This comes after hundreds of Iraqis stormed the Swedish embassy in Baghdad and set it on fire just four days ago in protest against another planned burning of the Koran in Sweden Supporters of the Jamiat Ulema-e-Islam party burn the effigy of Sweden’s Prime Minister Ulf Kristersson in Karachi, Pakistan, on July 23
Protesters also took to the streets of Karachi, in Pakistan (pictured above on July 23), shortly after demonstrators angered by the planned Koran burning stormed the Swedish embassy in Baghdad
This comes after hundreds of Iraqis stormed the Swedish embassy in Baghdad and set it on fire just four days ago in protest against another planned burning of the Koran in Sweden.
Footage shows demonstrators waving flags and signs showing the influential Iraqi Shiite cleric Muqtada Sadr before they climbed over the fence and entered the embassy.
Swedish Foreign Minister Tobias Billstrom condemned the storming as ‘totally unacceptable’ while adding all staff in Baghdad were safe.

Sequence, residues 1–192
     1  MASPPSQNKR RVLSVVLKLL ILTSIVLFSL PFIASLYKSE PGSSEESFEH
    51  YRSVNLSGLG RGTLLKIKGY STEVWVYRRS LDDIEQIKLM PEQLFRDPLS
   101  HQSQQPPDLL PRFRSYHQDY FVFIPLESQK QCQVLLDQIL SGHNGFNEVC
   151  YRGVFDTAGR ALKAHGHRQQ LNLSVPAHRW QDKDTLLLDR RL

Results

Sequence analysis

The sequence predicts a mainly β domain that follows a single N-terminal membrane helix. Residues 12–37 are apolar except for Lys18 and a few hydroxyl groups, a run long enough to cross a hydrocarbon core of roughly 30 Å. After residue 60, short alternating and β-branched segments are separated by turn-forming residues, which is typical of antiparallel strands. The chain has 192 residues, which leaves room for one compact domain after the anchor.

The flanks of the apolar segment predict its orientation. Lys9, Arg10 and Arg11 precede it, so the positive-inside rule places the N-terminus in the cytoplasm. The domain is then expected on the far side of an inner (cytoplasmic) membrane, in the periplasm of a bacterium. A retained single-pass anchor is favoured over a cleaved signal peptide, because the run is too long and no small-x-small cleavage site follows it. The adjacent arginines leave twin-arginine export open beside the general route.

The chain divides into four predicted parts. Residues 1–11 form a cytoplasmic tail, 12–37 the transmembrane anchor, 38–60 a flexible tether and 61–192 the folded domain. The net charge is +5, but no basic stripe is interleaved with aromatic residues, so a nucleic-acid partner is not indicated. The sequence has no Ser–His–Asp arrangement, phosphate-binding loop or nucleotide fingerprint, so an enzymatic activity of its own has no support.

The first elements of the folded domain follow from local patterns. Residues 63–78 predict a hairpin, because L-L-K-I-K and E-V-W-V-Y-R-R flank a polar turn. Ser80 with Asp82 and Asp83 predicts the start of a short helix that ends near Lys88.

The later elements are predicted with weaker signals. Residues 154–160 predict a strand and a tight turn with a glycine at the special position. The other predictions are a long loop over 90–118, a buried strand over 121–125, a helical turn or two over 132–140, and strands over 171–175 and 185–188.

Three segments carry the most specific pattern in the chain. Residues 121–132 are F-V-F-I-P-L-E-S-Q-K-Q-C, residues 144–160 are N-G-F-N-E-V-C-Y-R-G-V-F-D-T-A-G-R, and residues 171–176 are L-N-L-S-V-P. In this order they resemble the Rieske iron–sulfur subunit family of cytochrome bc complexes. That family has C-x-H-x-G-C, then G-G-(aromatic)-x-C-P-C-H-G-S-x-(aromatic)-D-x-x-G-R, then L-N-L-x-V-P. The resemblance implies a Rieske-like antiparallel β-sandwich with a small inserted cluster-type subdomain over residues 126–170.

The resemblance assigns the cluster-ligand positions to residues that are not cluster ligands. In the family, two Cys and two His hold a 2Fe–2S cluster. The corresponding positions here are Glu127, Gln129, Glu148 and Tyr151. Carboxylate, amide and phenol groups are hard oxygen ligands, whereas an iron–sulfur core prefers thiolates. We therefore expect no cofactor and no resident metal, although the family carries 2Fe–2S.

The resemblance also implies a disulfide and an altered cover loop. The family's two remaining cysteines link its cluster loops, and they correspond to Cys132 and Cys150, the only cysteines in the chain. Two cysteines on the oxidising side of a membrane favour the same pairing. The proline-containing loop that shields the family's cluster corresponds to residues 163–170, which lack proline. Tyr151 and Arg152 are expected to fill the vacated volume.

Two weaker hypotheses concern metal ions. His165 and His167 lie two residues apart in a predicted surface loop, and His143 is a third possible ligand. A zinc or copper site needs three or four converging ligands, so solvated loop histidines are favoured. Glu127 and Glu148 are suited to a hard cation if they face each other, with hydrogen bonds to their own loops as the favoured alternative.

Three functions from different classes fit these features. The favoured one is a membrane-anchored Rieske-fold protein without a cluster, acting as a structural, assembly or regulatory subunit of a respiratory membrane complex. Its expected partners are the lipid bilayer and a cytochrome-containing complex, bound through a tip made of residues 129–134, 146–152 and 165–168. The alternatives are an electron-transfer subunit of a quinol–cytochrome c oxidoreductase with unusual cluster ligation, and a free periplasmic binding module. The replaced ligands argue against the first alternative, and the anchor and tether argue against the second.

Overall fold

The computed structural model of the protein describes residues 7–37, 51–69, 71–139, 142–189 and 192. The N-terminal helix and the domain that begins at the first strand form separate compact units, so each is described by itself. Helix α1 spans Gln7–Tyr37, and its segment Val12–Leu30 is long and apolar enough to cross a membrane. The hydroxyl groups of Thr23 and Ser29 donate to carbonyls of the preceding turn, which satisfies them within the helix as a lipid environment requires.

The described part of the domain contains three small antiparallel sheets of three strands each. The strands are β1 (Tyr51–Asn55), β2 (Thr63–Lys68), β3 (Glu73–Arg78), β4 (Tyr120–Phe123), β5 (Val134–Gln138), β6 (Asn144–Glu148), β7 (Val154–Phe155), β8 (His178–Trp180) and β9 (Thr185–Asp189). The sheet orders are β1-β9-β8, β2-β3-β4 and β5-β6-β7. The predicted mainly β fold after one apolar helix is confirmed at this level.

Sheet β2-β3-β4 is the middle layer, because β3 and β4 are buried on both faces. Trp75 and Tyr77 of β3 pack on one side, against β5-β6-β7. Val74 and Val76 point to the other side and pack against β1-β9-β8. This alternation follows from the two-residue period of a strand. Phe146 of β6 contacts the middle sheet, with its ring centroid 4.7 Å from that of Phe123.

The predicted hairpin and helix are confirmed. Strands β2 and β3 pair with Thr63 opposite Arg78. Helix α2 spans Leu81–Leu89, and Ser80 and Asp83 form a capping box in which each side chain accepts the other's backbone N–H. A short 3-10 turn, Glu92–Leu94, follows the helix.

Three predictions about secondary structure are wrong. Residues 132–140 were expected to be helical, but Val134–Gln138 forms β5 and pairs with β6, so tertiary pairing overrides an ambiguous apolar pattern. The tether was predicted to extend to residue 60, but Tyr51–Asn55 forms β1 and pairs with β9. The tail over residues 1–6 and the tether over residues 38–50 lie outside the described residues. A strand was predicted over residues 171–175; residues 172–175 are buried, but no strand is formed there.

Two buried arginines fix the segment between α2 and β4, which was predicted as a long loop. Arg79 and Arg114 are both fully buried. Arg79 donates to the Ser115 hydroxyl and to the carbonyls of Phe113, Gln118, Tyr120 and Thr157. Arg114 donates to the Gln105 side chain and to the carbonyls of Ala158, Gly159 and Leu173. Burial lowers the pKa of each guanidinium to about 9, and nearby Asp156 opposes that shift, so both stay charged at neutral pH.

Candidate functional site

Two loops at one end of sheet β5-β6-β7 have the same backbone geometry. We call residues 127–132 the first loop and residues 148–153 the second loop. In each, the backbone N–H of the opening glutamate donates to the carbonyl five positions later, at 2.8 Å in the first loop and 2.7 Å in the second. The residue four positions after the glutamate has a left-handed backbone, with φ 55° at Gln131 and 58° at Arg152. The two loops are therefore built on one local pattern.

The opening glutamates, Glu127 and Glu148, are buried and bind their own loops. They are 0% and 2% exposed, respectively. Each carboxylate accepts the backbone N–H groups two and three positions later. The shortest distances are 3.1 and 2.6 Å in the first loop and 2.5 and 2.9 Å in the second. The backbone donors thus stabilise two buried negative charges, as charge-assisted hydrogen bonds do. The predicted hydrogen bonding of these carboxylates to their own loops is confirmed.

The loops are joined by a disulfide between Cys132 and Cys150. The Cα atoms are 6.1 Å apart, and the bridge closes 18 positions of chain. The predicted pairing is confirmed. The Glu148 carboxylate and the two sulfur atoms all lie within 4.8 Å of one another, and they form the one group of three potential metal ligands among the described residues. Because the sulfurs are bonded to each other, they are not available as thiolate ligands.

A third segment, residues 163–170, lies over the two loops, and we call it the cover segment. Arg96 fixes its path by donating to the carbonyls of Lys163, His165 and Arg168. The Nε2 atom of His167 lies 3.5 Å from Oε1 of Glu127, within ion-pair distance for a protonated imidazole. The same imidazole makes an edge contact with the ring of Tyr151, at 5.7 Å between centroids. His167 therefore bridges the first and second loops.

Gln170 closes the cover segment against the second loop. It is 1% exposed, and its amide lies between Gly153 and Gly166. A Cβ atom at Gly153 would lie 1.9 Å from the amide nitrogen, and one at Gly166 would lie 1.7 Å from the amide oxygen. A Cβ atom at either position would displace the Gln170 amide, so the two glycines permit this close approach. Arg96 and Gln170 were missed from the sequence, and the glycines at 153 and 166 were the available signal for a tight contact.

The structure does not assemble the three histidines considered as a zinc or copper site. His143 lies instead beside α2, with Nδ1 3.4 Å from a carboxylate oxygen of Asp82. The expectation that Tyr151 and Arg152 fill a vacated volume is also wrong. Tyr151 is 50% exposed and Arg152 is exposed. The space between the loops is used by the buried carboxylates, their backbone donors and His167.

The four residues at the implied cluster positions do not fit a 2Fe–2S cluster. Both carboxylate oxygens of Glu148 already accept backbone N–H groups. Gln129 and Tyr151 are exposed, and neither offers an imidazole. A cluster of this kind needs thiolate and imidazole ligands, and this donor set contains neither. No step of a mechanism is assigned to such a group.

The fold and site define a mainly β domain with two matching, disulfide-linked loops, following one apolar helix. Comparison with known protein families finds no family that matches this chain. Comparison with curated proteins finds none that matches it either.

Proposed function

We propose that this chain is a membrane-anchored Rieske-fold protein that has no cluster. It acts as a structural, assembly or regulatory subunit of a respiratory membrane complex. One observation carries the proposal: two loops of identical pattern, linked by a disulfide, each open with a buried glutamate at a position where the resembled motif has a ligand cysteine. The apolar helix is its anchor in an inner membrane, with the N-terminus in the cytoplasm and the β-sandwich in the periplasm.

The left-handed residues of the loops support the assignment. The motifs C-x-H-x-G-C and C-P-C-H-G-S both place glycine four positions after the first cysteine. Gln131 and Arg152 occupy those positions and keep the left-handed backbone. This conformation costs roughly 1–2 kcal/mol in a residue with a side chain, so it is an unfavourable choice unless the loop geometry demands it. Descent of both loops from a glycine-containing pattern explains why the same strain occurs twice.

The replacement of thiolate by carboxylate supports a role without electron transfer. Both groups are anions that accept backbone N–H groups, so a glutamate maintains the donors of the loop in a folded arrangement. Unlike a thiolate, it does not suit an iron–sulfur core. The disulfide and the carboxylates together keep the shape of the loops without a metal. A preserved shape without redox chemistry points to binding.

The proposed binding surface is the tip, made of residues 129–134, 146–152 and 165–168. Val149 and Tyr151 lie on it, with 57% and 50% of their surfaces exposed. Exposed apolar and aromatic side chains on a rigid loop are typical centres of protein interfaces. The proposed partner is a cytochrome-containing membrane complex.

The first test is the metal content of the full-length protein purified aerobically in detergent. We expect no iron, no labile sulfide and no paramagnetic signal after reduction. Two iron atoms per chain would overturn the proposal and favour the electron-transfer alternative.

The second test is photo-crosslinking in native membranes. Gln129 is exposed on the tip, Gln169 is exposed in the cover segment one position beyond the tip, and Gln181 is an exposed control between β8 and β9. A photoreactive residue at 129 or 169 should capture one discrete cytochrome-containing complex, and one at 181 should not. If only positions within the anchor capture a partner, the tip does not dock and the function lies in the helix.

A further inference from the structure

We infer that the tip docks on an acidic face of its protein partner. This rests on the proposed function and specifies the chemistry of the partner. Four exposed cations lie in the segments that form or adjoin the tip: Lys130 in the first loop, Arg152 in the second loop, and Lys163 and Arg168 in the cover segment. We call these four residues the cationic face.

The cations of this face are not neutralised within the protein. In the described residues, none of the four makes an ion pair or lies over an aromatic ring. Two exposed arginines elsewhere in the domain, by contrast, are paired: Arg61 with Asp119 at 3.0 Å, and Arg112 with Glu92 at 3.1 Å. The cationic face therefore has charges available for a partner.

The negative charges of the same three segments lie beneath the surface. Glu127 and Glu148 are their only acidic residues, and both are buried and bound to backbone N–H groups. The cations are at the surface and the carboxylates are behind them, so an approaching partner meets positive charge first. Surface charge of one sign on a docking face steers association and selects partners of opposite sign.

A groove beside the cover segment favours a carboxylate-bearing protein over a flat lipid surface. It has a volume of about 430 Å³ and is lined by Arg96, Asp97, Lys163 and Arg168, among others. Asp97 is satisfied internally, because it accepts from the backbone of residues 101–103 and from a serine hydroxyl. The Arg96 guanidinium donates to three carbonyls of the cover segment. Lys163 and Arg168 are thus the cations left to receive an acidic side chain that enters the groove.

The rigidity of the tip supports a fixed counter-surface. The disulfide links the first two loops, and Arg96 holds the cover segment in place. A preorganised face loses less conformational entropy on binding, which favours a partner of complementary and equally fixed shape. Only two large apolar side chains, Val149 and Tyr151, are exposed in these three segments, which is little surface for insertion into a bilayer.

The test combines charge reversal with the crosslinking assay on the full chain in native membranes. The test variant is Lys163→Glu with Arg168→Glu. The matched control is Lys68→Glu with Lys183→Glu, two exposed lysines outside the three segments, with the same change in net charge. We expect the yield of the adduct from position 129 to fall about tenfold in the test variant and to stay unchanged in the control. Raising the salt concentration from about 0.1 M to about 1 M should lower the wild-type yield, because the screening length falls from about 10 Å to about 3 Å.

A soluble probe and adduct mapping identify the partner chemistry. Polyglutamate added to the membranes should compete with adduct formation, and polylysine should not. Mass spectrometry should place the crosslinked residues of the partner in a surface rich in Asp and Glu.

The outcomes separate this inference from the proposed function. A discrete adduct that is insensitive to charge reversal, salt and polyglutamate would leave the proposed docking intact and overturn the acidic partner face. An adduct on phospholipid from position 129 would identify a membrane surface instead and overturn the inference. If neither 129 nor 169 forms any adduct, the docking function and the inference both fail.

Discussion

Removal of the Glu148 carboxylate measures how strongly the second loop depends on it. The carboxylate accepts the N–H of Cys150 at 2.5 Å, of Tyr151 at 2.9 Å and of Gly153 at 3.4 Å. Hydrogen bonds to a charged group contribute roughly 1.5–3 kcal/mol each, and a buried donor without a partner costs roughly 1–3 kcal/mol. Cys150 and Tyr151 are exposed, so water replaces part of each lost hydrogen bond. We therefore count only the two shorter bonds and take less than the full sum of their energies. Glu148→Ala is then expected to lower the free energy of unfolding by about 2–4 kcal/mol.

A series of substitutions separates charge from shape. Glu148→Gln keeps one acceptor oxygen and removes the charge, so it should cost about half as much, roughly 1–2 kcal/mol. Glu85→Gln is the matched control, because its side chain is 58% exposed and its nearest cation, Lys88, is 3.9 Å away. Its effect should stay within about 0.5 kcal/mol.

‘It is clear that the Iraqi authorities have seriously failed in their responsibility to protect diplomatic missions and personnel,’ a furious Billstrom said.
The demonstration was called by supporters of political leader Sadr to protest the second planned burning of the Koran in weeks in Stockholm, Sweden.
Sadr, one of Iraq’s most powerful figures, commands hundreds of thousands of followers whom he has at times called to the streets, including last summer when they occupied Baghdad’s heavily-fortified Green Zone and engaged in deadly clashes.